We are called to look for, find, and help each other—especially at Christmas. Paul helps us to understand the place from which we are motivated and able to give in fulfillment of others’ needs in Romans 13:13: “May the God of hope fill you with all joy and peace as you trust in him, so that you may overflow with hope by the power of the Holy Spirit.”
The Greek translation of “fill” in this verse signified an active filling in to perfection or completion. The only way we are able to find and fill someone else’s need is to be filled, first. The power of the Holy Spirit produces the place of great hope from which we give to others. (click here to continue reading at crosswalk.com)
I clutched the New Testament pages of my worn and highlighted Bible, as I read through
the gospel of Mark. Matter of fact and quickly moving, I sped through the life of my Savior morning after morning, miracle after miracle. We so commonly know of Him, even if we don’t fully understand who He is. Those in His own hometown, including His family, thought He was crazy when He stepped out of the simple life He was born into and into His earthly ministry of miracles. (click to continue reading at crosswalk.com)
When looking to reflect and celebrate the Advent Season as a family, it’s important to keep some key elements of our devotional activities front and center. Christ is sole reason for Christmas; everything we do reminds, or causes us to reflect upon Him. If we can accomplish daily focus on Jesus, then our Christmas is bound to mean more this year than ever before.
There is an intimacy created when we experience Scripture together as a family. The power of God’s spoken word has the ability to meet us right where we are, separately and together, simultaneously. Take the time this Advent Season to intentionally sit as a family and allow Him to minister to and prepare our hearts.
Families need this time, if only for the Advent season, to reconnect and bond together as they walk through this season of celebration. Perhaps divorce lingers on the horizon as fights fill the hallways of our homes; maybe our kids have been the victim of bullying and we’ve had to watch their innocent light burn down to just a flicker. This holiday may be bringing with it the celebration of a new addition to the family, or union of a blended one. Jesus is amidst every circumstance we live through. (click to continue reading at crosswalk.com)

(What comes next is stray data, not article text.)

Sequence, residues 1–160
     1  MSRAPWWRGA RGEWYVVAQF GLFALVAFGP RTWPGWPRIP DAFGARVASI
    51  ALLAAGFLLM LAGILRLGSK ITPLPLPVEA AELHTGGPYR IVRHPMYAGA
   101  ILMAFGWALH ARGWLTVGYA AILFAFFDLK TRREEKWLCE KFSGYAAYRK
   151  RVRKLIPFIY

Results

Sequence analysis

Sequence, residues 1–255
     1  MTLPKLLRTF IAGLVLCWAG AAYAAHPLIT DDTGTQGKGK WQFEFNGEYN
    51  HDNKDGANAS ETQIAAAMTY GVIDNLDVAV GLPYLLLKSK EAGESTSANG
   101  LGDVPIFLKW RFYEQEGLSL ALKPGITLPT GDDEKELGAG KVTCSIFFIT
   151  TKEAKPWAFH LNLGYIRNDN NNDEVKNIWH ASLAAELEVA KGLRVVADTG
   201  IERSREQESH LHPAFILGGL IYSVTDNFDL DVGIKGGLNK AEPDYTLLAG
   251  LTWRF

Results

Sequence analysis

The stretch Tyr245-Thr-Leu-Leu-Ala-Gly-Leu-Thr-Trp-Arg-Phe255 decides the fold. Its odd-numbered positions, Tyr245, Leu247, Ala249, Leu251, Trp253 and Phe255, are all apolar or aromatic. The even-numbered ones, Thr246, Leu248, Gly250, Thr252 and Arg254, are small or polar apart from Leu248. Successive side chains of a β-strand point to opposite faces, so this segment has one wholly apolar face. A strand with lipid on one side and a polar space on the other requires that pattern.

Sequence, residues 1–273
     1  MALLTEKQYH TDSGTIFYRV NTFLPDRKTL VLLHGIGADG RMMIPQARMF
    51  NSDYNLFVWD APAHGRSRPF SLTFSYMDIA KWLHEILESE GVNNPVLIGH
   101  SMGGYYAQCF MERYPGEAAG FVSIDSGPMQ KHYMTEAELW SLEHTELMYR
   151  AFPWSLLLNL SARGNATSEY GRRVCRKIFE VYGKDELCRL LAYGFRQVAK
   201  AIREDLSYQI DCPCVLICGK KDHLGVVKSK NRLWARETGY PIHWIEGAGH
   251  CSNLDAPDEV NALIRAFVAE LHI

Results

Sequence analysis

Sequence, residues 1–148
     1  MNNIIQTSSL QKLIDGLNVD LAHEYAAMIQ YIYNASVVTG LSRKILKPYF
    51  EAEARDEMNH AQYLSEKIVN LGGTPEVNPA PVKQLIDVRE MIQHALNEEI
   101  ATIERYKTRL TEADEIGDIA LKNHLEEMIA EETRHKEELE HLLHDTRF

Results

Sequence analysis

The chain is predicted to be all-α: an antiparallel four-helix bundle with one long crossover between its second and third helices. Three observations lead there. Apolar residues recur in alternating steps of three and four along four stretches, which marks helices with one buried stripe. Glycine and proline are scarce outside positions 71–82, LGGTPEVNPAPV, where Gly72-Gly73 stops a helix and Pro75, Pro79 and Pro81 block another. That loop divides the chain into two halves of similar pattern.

Christmas presents quickly become fruitcake cheesy and impractical unless we plan ahead to give heartfelt gifts this season. The point of Christmas is to move beyond materialistic lists that are advertised to us each year. When we rush to grab a limited quantity item or a deeply discounted product, we can end up with an empty wallet and a pile full of meaningless “stuff” to wrap.
When we focus on Christ’s all-encompassing gift to us, we are sure to find ways to be thoughtful in giving to others. Like everything else in life that we worry about, gift-giving can be lifted up to Him through prayer. Spending time with Him in the Word each day will tenderize our hearts to the reason for the season. When we walk through life with a grounded perspective, He flows in and out of our lives affecting every part of it! It will help us to think more of others. Here are ten ways to give that challenge the sentimental parts of our hearts. (click here to continue reading at crosswalk.com)
The holiday season lends Christians the opportunity to extend the love of Christ more than the usual weekend experience. ‘Christ’ resides in ‘Christ’mas, in more ways than one. By knowing how Christ intended to draw hearts to freedom through salvation, we can be better equipped to offer an authentic experience to those that are visiting our church, or experiencing church for the first time.
Whether visitors are here visiting the “other” side of their extended family, or just stumbling in fresh off the moving truck to a new hometown, it’s important for all to feel included. They should be able to walk into any church and feel like family, whether it’s their first time or thousandth time in church. (Click here to continue reading at crosswalk.com)
The season is filled with in-your-face advertisements and doorbuster deals, get-it-now and have-to-have lists, and bombardment upon entering any retail establishment from late October on. The oncoming surge creeps into our lives a little earlier each year. Holiday content washes over all media channels, bathing us in the sound of sleigh bells and mistletoe.
The extension of the season allows more time to reflect on what’s really important in life. For the Christian, that is the baby born in the manger to save all of humanity. But there are underlying themes that run off the original Christmas story and onto the big screen.
These ten movies shine the light of love into a dark world. Let Christmas come early, because it’s dark out there. (Click here to continue reading at crosswalk.com)
It’s hard to imagine our God allowing any of His children to reside permanently in hell; yet, the Bible clearly states that’s exactly where we’re going, unless we are saved from the fate of death that sin entails through salvation in Jesus Christ (John 3:16).
God set us down in Eden, with everything we needed and no shame (Genesis 2:15; 25). The devil is as crafty today as he ever was (Genesis 3:1), and will do whatever he can to steal, kill, and destroy us (John 10:10.) It’s a reality to be feared, but not an ending that we have to choose. Jesus won’t return until every ear has had a chance to hear (Matthew 24:14). (click here to continue reading at crosswalk.com)
“During that long period, the king of Egypt died. The Israelites groaned in their slavery and cried out, and their cry for help because of their slavery went up to God” (Exodus 2:23).